Like I mentioned earlier, you have less than a minute per question, so use your time wisely. Answer the right question. It might seem silly, but when you are answering 80 questions at a time it can be really easy to get mixed up on your answer sheet. Sometimes you just get into a flow and stop paying attention to which bubble you are filling in. Pay attention to wording. Skimming over a question can sometimes cause you to totally misinterpret said question. This is such a common and easy mistake to make.
Practice makes perfect, right? But seriously, there are a ton of resources out there for you to practice your AP test taking skills.
This will give you a much better idea of what to look for in multiple-choice questions and can guide you in your studying. Using flash cards is a great way to consistently study and practice. Includes scoring guidelines and commentary. History long essay question, scored using the AP history rubric. Learn all about the AP U. History exam in this overview video. Topics include a description of the exam, sample exam questions, and scoring the exam.
Students analyze historical texts, interpretations, and evidence. Primary and secondary sources, images, graphs, and maps are included. Questions provide opportunities for students to demonstrate what they know best. Some questions include texts, images, graphs, or maps. Students choose between two options for the final required short-answer question, each one focusing on a different time period. Develop an argument supported by an analysis of historical evidence.
The document-based question focuses on topics from periods 3 to 8. Exam Questions and Scoring Information For free-response questions from recent exams, along with scoring information, check out the tables below.
Check that your names, dates, and other facts are accurate. While there is no set length, your response needs to be long enough to cover all of the required sections while maintaining a cohesive argument.
This is usually several pages long, but can vary based on the nature of the argument, class the DBQ is for, and how much the individual can write in the time limit.
Not Helpful 2 Helpful How do I, or others, write the new synthesis portion at the end of the test? The point of synthesis is to extend the argument to another time period. Look for similar events in history to relate your topic to, or similar conditions leading up to the event.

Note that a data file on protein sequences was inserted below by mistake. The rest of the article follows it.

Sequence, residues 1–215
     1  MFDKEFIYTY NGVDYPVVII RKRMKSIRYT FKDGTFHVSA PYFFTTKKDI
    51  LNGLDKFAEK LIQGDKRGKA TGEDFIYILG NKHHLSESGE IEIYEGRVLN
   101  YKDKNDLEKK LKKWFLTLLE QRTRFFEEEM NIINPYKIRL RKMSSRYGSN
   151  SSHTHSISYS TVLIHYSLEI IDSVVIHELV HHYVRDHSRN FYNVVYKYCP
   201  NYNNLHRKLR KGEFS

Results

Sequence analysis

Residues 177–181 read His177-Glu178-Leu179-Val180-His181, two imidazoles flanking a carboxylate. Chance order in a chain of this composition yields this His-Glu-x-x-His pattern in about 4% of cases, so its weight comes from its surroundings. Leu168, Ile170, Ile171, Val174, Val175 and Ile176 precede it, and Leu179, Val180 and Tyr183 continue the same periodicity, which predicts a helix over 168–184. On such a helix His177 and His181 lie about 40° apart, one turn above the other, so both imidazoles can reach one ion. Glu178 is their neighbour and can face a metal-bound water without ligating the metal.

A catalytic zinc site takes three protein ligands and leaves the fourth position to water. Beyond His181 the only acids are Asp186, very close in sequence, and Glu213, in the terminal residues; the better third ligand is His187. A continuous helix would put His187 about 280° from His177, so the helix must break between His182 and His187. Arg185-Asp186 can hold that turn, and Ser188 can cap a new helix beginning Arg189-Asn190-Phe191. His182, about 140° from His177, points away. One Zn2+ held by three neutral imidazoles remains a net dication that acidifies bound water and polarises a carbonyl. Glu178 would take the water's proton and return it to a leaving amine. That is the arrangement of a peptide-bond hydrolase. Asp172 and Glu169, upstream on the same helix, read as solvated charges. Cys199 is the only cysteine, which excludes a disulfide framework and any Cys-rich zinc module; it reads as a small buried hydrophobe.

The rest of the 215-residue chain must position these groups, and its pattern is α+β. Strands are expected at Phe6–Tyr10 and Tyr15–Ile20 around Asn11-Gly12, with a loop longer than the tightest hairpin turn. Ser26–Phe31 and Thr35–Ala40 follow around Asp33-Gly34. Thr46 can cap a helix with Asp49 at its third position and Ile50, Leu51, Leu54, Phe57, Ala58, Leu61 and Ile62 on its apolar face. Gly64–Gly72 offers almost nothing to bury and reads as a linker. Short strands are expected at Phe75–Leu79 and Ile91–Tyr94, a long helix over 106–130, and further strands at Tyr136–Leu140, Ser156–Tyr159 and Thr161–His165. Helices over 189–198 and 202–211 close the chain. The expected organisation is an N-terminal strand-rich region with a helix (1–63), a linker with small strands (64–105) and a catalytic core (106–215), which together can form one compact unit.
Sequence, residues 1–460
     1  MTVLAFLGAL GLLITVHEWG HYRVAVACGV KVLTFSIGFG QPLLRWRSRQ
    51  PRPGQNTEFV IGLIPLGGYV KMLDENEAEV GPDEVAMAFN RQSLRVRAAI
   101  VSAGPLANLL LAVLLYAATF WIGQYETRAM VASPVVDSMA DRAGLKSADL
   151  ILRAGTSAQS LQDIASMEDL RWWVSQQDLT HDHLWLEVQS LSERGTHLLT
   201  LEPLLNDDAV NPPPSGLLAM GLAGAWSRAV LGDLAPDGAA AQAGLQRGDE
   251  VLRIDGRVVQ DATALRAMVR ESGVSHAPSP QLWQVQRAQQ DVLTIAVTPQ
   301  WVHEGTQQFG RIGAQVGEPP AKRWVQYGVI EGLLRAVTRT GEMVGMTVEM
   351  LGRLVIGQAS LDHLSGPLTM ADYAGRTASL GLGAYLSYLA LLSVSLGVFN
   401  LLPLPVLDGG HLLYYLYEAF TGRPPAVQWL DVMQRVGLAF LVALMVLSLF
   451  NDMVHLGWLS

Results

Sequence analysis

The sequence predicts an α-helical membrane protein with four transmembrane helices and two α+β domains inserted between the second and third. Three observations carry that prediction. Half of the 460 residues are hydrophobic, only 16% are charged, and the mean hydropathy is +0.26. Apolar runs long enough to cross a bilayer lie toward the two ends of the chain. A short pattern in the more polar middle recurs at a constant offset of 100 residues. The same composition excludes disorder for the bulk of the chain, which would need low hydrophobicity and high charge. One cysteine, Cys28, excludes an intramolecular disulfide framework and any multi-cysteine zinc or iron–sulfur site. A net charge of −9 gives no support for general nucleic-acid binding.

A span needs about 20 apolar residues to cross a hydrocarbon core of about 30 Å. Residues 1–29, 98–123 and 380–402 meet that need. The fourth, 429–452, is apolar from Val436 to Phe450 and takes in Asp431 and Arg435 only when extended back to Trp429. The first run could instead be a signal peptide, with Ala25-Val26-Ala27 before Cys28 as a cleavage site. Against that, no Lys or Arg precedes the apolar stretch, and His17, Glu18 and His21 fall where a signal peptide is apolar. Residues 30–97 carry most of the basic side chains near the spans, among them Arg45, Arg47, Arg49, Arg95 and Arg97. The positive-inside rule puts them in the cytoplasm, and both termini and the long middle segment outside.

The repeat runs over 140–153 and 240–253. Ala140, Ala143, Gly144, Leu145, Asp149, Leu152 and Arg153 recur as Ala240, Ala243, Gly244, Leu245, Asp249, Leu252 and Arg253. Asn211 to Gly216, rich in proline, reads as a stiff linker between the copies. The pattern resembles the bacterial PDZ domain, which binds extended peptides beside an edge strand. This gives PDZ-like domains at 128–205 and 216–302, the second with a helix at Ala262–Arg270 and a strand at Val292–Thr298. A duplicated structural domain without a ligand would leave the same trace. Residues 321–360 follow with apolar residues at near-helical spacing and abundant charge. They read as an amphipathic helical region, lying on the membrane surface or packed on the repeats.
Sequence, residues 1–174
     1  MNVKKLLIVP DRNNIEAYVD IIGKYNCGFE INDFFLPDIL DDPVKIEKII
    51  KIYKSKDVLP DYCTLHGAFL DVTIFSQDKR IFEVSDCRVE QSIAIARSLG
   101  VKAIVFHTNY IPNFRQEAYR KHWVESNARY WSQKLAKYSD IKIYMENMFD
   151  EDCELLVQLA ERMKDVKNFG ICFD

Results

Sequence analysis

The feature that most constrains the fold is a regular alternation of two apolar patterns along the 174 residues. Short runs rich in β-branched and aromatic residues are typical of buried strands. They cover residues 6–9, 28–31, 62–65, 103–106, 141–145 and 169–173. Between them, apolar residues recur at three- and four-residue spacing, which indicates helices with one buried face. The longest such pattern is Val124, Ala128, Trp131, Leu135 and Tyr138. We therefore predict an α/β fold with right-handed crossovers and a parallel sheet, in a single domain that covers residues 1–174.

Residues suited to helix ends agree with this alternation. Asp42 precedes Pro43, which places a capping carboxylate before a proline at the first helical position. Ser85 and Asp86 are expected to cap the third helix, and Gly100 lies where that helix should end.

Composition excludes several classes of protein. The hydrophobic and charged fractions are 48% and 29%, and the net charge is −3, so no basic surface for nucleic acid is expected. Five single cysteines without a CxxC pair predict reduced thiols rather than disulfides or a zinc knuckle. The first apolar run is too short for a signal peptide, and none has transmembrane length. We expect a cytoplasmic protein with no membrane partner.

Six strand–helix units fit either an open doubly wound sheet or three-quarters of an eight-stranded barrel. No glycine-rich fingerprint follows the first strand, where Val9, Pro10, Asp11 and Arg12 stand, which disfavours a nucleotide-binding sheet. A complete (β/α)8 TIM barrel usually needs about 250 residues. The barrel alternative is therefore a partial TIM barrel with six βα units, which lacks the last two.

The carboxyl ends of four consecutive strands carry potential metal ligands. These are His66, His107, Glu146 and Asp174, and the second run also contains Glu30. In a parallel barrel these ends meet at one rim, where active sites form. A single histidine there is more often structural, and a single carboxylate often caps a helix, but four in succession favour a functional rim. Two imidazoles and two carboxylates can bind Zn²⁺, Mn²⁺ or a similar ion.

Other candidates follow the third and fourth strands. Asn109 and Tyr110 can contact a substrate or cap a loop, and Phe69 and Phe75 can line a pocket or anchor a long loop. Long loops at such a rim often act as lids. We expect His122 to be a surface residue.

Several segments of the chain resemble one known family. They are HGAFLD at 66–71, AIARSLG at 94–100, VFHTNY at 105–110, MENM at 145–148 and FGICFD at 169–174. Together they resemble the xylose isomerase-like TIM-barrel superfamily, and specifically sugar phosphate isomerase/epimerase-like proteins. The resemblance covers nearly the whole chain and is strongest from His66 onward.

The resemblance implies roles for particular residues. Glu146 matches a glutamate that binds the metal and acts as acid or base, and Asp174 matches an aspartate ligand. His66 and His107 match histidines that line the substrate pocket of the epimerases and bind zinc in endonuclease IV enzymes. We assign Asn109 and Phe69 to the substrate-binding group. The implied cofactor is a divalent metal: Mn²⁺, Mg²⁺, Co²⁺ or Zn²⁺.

For example, the sport of cricket in India spread there by British imperialism can be synthesized to the sport of baseball in Puerto Rico spread there by the USA. Not Helpful 3 Helpful Of course you can start it with a question, though you should be answering the prompt given, and not asking more questions. Not Helpful 13 Helpful The contextualization in any given essay should have a maximum of 3 sentences.
Not Helpful 1 Helpful 4. Just start by using information you already know and give a little bit of insight. Not Helpful 7 Helpful 4. Include your email address to get a message when this question is answered. Already answered Not a question Bad question Other. Taking a timed test can be tough, so time yourself when you take practice tests. Remember that you shouldn't just identify or summarize a document.
This helped me so much because it gave it to me straight. I didn't have to work hard to understand it while I was reading, and gave me everything I needed to know. EB Emily Balint Apr 18, The organization and grouping of the documents is the toughest thing for me to do.
% Free AP Test Prep website that offers study material to high school students seeking to prepare for AP exams. Enterprising students use this website to learn AP class material, study for class quizzes and tests, and to .
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Start your AP US History Prep today AP US History Multiple Choice Tips. 1. Read the question and answers all the way books-wrfd.tk is a super basic test-taking tip, but it’s still worth mentioning here. Don’t fall into the trap of reading the question partially and jumping to conclusions, or picking the first question that seems right. Sep 04, · Ap us history essay help. Watergate Explained: US History Review - Duration: Hip Hughes 56, views. 5 Tips for Writing a Great DBQ Essay - .
The essay history of the test wants to know how well help can essay lots of information essay one cohesive argument. The Ultimate List of AP US History Tips In order to do that, you have to actually take a side. ap us history writing labs: ap us history As you read through the long and make your choices, ask yourself for which of the questions help you best prepared to support your thesis. Talk to your teachers and counselors about finding the apush course essay you.